Jones ranks seventh in rushing yards in Jets history despite only playing 48 games with the organization. His regular-season dominance and postseason heroics make him one of the five best running backs in team history.

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4. Matt Snell

There's no better way to cement your place in franchise history than by helping your team win a championship. That's exactly what Matt Snell did in 1969 when he rushed for a then-Super-Bowl-record 121 yards en route to Gang Green's first and only Super Bowl title.

Snell scored the game's only touchdown, taking a hand-off from Joe Namath four yards into the end zone to mark the first time an AFL team had led a game against an NFL team.

Snell's football career spanned from 1964 to 1972, during which he was named to four All-AFL teams, won AFL Rookie of the Year, was named an AFL All-Star on three separate occasions, and was eventually inducted into the Jets' Ring of Honor.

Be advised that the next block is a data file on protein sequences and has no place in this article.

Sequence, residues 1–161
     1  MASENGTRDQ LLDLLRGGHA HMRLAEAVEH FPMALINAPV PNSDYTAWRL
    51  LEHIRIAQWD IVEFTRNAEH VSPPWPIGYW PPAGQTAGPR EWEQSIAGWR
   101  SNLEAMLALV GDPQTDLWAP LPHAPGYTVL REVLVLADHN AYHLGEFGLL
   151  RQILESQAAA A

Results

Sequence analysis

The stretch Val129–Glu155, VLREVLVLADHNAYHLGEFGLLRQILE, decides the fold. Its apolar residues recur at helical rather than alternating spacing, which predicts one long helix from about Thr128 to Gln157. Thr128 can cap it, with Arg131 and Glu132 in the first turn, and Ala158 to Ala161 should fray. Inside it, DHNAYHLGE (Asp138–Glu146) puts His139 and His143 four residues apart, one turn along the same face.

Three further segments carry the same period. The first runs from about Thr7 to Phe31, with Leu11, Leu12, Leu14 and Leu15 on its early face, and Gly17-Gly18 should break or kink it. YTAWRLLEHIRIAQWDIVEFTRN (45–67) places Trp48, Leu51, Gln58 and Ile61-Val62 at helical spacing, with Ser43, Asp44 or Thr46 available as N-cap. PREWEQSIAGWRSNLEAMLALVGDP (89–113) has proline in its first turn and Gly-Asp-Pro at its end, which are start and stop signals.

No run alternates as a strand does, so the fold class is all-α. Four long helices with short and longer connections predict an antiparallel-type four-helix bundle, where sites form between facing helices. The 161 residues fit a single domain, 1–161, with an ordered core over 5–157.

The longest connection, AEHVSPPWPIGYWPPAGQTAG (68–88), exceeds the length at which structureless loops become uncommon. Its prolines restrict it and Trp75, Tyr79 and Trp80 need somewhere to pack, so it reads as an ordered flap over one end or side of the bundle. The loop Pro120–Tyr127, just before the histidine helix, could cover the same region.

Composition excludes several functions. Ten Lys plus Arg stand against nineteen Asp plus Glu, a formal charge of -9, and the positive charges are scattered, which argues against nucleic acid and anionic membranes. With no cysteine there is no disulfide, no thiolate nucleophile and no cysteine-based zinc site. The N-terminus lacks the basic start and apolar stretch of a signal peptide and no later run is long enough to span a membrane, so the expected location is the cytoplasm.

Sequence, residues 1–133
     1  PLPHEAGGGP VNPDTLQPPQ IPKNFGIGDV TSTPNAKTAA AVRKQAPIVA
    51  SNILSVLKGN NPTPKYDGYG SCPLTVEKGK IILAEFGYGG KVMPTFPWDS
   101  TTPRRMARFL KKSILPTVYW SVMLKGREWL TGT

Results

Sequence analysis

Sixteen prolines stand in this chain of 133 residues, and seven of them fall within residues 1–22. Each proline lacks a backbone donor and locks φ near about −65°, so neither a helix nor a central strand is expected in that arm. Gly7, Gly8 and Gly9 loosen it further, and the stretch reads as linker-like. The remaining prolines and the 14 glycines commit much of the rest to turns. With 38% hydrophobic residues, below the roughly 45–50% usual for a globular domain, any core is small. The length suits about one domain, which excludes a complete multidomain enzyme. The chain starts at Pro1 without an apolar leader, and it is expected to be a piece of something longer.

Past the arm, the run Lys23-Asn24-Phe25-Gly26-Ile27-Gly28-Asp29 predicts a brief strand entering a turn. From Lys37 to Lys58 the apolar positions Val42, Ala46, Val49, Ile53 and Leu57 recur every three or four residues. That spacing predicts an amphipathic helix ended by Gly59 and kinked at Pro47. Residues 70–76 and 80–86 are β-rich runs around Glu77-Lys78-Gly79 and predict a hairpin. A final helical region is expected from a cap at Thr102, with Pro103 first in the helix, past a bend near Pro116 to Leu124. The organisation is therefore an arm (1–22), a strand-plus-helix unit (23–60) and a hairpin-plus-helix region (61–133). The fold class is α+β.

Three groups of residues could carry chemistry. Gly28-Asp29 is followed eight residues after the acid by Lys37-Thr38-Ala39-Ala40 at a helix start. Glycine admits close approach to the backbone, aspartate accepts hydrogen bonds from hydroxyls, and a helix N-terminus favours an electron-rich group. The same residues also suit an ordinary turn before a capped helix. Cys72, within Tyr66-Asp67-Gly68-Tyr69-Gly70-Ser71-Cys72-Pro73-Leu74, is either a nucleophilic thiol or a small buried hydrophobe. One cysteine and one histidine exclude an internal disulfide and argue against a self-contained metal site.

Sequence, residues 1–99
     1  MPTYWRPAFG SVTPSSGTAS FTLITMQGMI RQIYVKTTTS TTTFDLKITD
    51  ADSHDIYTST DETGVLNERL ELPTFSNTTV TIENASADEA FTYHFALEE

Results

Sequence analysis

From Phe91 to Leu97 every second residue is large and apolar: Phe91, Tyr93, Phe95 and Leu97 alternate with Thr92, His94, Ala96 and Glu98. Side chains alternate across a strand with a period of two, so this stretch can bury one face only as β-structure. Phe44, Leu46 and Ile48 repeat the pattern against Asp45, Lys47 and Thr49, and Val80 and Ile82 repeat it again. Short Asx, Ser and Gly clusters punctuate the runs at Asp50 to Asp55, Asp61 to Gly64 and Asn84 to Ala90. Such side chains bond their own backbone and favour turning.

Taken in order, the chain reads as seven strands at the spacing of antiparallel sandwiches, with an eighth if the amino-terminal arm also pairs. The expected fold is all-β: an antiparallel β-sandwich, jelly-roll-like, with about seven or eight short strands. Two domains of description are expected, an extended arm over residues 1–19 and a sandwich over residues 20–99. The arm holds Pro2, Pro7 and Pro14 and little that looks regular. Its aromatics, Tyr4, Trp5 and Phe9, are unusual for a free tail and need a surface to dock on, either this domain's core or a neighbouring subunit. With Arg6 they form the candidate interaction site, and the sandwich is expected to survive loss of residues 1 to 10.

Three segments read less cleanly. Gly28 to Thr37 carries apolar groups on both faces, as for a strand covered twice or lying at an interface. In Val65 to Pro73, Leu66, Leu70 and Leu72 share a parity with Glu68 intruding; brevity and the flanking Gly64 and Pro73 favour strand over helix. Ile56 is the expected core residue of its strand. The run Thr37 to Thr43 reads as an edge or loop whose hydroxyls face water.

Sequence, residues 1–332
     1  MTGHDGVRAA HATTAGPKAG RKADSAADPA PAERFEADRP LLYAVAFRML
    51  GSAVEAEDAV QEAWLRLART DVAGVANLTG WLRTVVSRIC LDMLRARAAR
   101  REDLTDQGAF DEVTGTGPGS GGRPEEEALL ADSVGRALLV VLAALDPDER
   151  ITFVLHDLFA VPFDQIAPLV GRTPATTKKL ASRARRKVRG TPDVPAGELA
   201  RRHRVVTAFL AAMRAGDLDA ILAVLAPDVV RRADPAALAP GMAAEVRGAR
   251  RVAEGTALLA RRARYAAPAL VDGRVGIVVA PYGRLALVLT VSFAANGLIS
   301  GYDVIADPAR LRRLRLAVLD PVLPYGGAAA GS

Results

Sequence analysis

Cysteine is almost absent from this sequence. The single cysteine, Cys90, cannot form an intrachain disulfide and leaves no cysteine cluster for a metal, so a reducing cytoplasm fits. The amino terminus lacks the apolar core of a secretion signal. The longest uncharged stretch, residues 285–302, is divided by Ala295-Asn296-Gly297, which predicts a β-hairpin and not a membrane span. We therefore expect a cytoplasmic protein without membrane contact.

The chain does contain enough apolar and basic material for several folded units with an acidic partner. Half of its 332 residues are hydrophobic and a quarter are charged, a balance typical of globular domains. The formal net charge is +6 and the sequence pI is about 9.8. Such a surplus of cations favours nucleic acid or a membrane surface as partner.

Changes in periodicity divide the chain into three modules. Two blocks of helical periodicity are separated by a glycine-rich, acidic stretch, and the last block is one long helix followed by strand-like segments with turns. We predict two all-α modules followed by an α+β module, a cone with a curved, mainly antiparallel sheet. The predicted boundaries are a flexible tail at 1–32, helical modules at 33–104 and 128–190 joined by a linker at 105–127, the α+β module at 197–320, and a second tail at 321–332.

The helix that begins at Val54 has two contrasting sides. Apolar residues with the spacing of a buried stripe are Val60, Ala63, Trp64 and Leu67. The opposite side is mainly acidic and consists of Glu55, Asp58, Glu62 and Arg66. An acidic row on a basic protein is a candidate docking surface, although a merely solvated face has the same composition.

Injuries derailed Snell's career soon after that Super Bowl season, but he will forever be remembered as not only one of the best running backs/fullbacks in Jets history but as one of the franchise's most important players.

3. Emerson Boozer

You can really flip No. 4 and No. 3 on this list if you want, but we'll give the slight edge to Emerson Boozer, Matt Snell's backfield-mate during the Jets' Super Bowl season in 1969.

Boozer and Snell former one of pro football's most imposing backfields in the late '60s, with the former making the AFL All-Star team in his first season in the league in 1966. Unfortunately, a devastating leg injury forced Boozer to alter his playing time after the 1967 season.